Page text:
Ana C. Day
onto Entomophagy: Edible Insects and the Future of Food
Cicadas will emerge this year and they could be making a racket soon in your neighborhood.
The noisy, flying insects, which surface periodically along the East Coast, are due for a 17-year appearance in parts of Northeastern Pennsylvania, according to Penn State Cooperative Extension.
"We will only know when they start to emerge how big the population will be," said Vincent Catrone, a forester at the extension office in West Pittston. "These are typical emergences. There will be pockets of them."
Concentrations are expected to surface in 17 counties, according to Penn State, including Luzerne, Carbon and Schuylkill.
After soil temperatures reach 64 degrees, cicadas usually emerge from May to July. Cicada nymphs burrow up from the earth, where they feed on plant root fluids, before shedding an exoskeleton and transforming to winged, 1.5-inch adults.
They do not sting, bite or harm crops or most trees.
But they are loud, clumsy and creepy.
"Anybody who hates insects will be freaked out because they are so big," Catrone said.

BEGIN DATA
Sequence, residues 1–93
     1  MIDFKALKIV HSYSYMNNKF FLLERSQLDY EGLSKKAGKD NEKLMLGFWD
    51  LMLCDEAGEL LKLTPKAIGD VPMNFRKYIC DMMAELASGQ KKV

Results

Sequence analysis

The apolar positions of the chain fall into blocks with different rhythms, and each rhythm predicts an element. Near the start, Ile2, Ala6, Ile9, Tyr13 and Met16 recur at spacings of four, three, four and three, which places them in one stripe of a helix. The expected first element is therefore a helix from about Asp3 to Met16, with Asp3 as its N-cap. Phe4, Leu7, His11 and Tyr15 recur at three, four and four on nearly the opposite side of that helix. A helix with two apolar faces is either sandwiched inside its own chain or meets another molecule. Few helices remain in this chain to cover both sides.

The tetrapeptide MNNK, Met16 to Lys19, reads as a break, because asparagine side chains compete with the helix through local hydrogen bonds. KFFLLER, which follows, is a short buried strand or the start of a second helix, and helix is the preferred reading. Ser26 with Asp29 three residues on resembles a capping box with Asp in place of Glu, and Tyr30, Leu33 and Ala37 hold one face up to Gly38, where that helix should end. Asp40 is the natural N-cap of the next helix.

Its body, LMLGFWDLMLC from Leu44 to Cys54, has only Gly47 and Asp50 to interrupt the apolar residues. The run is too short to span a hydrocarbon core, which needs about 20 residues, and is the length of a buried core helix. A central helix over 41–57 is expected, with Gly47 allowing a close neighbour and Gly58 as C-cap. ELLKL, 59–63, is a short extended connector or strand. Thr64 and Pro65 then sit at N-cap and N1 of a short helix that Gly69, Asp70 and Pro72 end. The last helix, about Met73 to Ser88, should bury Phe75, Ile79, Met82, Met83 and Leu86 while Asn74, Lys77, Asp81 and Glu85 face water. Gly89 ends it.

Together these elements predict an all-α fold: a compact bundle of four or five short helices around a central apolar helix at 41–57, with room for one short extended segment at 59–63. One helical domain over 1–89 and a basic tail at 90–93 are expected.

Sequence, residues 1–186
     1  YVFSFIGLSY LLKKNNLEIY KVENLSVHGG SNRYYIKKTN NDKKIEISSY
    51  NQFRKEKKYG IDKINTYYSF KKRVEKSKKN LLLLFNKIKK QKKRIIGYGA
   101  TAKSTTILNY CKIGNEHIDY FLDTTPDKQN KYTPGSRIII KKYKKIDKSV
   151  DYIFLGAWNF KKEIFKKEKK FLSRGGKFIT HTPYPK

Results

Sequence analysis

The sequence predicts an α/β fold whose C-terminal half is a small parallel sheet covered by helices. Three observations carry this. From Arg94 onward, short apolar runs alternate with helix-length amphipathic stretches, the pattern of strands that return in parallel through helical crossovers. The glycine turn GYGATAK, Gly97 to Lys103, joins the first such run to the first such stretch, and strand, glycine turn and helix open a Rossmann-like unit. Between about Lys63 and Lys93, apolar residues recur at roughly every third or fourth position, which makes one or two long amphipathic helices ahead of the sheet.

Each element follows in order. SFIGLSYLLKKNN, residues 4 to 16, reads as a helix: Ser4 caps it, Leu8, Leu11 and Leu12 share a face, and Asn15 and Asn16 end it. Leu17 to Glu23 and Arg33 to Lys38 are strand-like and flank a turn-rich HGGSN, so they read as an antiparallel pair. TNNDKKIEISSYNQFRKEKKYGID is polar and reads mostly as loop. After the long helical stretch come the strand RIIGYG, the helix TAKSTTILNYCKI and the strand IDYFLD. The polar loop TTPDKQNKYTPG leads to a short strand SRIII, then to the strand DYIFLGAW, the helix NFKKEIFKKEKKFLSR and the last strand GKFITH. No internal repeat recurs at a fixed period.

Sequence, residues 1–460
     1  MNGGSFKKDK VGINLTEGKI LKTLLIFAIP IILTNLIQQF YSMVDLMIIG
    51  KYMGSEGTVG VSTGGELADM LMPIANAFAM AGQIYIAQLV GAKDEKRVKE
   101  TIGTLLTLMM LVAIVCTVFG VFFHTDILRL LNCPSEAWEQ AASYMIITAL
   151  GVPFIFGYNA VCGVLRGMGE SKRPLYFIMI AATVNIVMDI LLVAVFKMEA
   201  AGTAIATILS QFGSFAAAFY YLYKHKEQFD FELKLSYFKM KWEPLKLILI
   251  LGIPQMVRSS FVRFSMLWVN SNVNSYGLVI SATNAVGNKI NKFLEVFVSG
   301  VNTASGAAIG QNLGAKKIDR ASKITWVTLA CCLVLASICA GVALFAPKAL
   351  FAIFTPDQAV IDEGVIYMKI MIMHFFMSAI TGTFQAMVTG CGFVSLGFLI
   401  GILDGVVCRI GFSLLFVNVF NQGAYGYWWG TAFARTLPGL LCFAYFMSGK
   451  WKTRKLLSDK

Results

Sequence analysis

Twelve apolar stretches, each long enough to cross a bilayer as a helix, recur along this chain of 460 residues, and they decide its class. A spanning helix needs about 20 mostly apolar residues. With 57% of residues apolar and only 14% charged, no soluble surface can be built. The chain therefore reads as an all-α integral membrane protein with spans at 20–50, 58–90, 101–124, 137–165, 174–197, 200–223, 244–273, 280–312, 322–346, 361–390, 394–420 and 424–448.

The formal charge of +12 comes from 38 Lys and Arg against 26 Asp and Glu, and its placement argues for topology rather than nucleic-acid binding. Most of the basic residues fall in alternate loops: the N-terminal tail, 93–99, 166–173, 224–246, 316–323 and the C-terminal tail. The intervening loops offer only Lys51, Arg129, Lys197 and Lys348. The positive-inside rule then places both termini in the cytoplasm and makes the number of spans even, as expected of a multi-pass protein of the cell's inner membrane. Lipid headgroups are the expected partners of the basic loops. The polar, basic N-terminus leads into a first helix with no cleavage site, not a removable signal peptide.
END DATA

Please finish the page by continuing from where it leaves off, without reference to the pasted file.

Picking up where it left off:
"People get the heebie-jeebies," added Daniel Townsend, Ph.D., a University of Scranton biology professor. "If you get a swarm, it's like the Alfred Hitchcock phenomenon."
Amorous male cicadas emit an ear-splitting clicking noise, which is a mating call.
For humans, it's a nuisance.
"Their decibel level can get pretty high," Catrone said.
"The sound is an amazing one," Townsend said. "If you get very many of them in one spot, it can be hard to carry on a conversation."
Cicadas provide a prime source of protein for many creatures, including birds, fish and some mammals.
"If you are a bird, it's a food fest," Catrone said.
When they take to the air, though, cicadas are among the klutzes of the insect world.
"They are not real adept at flight," said Greg Hoover, an entomologist at Penn State Extension.
Catrone said cicadas "bounce into houses, cars and people," but do no harm.
Detractors can take comfort in cicadas' short life span. They die off within weeks after reproducing and are not expected to re-emerge in the state until 2016.
Pennsylvania has eight broods of 17-year cicadas, said Hoover. Brood II cicadas will surface in Pennsylvania, New Jersey, Connecticut and parts of New York, Virginia and North Carolina this season.
"It's the longest-lived insect in North America," he said.
Way too long, for people with a fear of insects.